The clear victory on May 19 of incumbent Iranian President Hassan Rouhani over his key rival, Ebrahim Raisi — the candidate supported by Supreme Leader Ayatollah Ali Khamenei and the Islamic Revolutionary Guard Corps (IRGC) – indicated that voters were concerned above all with the economy. Raisi, an extremist and isolationist like Khamenei, was the candidate who represented hardline power politics and Middle East hegemony.
It was during Rouhani’s first term in office that the nuclear deal, the Joint Comprehensive Plan of Action (JCPOA), was signed between Iran and six world powers. This not only led to the lifting of crippling international sanctions from the regime in Tehran, but seemed to signal an effort to renew diplomatic and commercial ties the West.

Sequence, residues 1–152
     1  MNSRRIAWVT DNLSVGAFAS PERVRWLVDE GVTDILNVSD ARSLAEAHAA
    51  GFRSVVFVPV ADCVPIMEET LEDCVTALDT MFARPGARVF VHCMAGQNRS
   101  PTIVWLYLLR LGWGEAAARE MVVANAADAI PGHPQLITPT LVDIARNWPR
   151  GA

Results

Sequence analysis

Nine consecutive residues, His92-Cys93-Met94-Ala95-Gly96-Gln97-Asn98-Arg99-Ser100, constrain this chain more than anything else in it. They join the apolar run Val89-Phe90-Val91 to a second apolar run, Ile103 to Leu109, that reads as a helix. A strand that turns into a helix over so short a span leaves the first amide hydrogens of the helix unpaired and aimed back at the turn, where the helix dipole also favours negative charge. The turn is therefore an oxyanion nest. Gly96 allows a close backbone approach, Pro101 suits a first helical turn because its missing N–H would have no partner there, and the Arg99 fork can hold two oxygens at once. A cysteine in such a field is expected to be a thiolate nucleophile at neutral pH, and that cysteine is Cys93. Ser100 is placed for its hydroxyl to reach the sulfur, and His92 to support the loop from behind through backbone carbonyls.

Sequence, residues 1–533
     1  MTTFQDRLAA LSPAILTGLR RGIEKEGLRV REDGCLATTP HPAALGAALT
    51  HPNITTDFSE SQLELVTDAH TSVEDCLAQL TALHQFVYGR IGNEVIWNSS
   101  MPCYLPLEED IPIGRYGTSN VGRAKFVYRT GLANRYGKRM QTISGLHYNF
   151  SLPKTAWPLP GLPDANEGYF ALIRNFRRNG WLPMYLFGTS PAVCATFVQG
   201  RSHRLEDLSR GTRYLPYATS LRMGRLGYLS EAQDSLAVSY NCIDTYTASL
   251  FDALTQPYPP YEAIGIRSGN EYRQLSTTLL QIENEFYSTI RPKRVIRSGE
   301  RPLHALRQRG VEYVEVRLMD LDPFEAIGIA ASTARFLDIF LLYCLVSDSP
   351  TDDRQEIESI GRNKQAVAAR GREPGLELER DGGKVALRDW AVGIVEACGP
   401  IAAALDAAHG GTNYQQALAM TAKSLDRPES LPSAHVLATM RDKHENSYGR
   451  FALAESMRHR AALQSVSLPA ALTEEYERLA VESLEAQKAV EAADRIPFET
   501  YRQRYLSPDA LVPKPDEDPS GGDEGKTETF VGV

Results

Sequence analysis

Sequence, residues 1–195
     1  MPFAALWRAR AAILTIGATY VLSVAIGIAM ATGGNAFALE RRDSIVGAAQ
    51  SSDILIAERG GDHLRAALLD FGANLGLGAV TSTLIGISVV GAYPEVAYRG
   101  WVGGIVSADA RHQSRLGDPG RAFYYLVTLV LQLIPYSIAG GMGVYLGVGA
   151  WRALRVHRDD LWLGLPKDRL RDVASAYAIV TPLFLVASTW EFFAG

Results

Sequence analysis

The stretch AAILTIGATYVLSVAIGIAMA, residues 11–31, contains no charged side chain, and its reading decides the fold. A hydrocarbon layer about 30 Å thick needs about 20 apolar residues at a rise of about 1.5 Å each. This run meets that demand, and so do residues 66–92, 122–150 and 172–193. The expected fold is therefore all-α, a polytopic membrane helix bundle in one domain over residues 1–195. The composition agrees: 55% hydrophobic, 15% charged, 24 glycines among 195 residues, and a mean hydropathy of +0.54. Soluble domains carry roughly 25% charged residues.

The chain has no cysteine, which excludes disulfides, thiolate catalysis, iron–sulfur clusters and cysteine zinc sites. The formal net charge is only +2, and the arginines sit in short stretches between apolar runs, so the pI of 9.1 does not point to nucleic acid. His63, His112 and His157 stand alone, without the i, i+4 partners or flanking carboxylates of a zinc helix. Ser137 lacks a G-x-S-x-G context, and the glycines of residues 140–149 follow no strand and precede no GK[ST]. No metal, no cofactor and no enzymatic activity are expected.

Iran initially benefited greatly from the JCPOA. From the document’s signing in July 2015 and up until early 2017, dozens of delegations from Western countries visited Iran, and hundreds of economic memoranda of understanding were reached.
Excitement could be felt within and beyond Iran’s borders. Despite his decades as a prominent member of the mullah-led regime’s security apparatus, President Rouhani was and largely still is viewed in the West as a moderate. In addition, the appetite of Iran’s 80 million-strong consumer market for Western goods was high, as was the need for Western investment and technology to rebuild Iran’s outdated infrastructure. Meanwhile, Western companies were eager to enter the potentially lucrative market, imagining post-JCPOA Iran to be like the mythical Spanish city of gold, El Dorado.
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